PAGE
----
Real-time observation of neutrophil extracellular trap formation in the inflamed mouse brain via two-photon intravital imaging
Laboratory Animal Research volume 38, Article number: 16 (2022)
Intravital imaging via two-photon microscopy (TPM) is a useful tool for observing and delineating biological events at the cellular and molecular levels in live animals in a time-lapse manner. This imaging method provides spatiotemporal information with minimal phototoxicity while penetrating a considerable depth of intact organs in live animals. Although various organs can be visualized using intravital imaging, in the field of neuroscience, the brain is the main organ whose cell-to-cell interactions are imaged using this technique. Intravital imaging of brain disease in mouse models acts as an abundant source of novel findings for studying cerebral etiology. Neutrophil infiltration is a well-known hallmark of inflammation; in particular, the crucial impact of neutrophils on the inflamed brain has frequently been reported in literature. Neutrophil extracellular traps (NETs) have drawn attention as an intriguing feature over the last couple of decades, opening a new era of research on their underlying mechanisms and biological effects. However, the actual role of NETs in the body is still controversial and is in parallel with a poor understanding of NETs in vivo. Although several experimental methods have been used to determine NET generation in vitro, some research groups have applied intravital imaging to detect NET formation in the inflamed organs of live mice. In this review, we summarize the advantages of intravital imaging via TPM that can also be used to characterize NET formation, especially in inflamed brains triggered by systemic inflammation. To study the function and migratory pattern of neutrophils, which is critical in triggering the innate immune response in the brain, intravital imaging via TPM can provide new perspectives to understand inflammation and the resolution process.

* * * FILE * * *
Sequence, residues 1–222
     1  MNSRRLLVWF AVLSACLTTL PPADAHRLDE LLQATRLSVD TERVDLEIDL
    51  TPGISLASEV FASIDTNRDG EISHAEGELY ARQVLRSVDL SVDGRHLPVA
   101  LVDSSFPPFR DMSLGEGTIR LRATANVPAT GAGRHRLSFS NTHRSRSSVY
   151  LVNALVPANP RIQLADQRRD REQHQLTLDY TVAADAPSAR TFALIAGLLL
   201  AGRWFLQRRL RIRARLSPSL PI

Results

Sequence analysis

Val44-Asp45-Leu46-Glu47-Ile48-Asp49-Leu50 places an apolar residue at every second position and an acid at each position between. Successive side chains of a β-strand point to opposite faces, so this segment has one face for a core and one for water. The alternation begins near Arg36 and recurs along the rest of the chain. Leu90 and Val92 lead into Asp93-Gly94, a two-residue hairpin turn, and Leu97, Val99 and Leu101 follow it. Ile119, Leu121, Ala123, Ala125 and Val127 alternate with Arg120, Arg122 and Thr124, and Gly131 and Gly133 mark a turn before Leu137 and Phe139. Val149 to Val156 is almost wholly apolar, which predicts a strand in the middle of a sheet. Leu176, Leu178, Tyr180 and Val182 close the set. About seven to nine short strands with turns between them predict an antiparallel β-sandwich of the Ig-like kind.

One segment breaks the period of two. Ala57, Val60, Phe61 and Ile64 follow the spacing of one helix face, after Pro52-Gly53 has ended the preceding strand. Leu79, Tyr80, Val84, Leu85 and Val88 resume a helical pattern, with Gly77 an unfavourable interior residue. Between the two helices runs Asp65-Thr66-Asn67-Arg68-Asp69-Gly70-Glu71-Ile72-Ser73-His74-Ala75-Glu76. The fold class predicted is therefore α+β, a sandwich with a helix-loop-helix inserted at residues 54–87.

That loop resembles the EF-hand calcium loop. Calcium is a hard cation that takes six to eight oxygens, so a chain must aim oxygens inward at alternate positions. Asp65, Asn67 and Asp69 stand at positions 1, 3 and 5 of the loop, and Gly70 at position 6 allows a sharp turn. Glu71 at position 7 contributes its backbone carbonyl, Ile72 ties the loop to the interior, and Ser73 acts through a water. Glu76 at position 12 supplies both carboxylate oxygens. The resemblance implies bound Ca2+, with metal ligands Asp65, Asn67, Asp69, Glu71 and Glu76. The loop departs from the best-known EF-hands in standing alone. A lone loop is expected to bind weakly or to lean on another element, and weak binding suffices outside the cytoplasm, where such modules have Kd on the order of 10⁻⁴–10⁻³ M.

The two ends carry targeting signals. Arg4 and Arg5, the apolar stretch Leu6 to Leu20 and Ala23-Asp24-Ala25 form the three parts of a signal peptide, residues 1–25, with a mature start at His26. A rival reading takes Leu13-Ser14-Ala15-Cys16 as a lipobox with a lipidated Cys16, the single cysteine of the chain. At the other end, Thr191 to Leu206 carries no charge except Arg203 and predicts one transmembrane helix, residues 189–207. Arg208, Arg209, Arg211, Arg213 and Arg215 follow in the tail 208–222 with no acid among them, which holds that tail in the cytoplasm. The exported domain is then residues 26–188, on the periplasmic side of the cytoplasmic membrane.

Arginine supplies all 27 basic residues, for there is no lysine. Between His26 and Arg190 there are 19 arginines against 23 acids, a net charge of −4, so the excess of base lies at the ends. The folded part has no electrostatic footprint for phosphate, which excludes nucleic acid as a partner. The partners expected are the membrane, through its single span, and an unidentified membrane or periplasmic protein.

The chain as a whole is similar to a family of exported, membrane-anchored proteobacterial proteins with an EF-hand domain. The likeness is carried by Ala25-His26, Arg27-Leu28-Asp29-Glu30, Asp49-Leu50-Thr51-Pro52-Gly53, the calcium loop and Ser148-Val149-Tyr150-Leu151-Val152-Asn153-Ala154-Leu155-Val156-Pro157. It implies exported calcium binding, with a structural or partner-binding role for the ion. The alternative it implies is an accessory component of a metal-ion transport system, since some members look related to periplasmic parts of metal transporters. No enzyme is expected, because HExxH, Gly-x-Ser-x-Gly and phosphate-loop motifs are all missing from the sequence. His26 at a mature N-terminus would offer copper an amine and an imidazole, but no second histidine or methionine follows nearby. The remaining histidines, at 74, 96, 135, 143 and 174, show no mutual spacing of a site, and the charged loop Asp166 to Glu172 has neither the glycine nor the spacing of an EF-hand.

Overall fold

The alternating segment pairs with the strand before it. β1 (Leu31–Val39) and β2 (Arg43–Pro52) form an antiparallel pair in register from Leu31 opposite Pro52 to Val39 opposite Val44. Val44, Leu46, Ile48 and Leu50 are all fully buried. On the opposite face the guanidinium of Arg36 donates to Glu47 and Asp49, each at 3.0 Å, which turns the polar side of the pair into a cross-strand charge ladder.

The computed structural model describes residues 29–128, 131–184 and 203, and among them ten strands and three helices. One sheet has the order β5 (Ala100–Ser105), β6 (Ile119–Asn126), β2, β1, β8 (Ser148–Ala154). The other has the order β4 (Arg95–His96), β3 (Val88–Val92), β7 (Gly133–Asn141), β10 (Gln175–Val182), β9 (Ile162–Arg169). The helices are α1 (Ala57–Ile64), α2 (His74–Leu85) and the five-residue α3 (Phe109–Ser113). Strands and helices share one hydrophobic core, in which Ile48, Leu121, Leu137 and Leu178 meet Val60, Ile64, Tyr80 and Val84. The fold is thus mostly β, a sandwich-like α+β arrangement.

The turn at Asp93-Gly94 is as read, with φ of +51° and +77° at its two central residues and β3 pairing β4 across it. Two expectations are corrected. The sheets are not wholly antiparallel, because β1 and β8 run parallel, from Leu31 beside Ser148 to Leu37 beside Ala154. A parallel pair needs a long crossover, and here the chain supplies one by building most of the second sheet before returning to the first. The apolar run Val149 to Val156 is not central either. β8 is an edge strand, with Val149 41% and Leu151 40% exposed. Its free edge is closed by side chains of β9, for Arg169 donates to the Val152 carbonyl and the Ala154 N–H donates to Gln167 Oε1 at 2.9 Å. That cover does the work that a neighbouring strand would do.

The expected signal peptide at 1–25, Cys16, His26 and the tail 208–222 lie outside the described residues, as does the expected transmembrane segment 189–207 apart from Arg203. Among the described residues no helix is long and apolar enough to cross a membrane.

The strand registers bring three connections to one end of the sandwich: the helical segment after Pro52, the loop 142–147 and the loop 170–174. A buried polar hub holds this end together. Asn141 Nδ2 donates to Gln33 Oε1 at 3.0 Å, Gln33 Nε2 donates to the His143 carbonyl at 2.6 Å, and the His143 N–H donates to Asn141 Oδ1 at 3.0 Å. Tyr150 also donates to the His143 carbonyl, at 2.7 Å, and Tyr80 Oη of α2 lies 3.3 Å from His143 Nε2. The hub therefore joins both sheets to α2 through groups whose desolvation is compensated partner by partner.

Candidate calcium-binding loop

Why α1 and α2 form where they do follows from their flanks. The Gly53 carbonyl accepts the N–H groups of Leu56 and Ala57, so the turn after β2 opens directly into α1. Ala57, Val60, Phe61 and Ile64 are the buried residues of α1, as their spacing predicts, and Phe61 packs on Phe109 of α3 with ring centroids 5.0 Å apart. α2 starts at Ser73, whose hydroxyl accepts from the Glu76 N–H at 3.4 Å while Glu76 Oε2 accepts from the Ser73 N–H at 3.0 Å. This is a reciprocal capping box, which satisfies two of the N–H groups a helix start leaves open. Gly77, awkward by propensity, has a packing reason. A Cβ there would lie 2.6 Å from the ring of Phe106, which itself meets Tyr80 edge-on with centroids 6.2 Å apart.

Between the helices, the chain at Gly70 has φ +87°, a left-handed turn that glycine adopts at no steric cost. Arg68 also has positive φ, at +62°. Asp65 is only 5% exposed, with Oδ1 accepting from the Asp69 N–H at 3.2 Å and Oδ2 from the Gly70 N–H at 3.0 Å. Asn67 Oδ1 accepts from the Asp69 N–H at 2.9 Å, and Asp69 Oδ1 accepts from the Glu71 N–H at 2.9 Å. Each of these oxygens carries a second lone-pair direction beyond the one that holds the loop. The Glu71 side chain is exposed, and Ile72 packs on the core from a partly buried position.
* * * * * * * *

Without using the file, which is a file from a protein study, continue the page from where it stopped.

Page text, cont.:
Technological advancements in biology have led to the development of cutting-edge imaging tools that use high-resolution images and videos to present biological phenomena in immense detail. Intravital imaging via two-photon microscopy (TPM) is a prime example of such an advancement. Using this technology, researchers can now explicitly visualize biological events and overcome previous experimental limits in dealing with delicate or complex cells and organs, such as the brain. Furthermore, spatiotemporal and real-time observations of actual pathological events have become possible. In this review, we demonstrate how two-photon intravital imaging can be used in the field of immunology research, particularly in the brain. In addition, we outline research on neutrophil extracellular traps (NETs), a novel feature of neutrophils, and how intravital imaging plays an important role in understanding NET formation.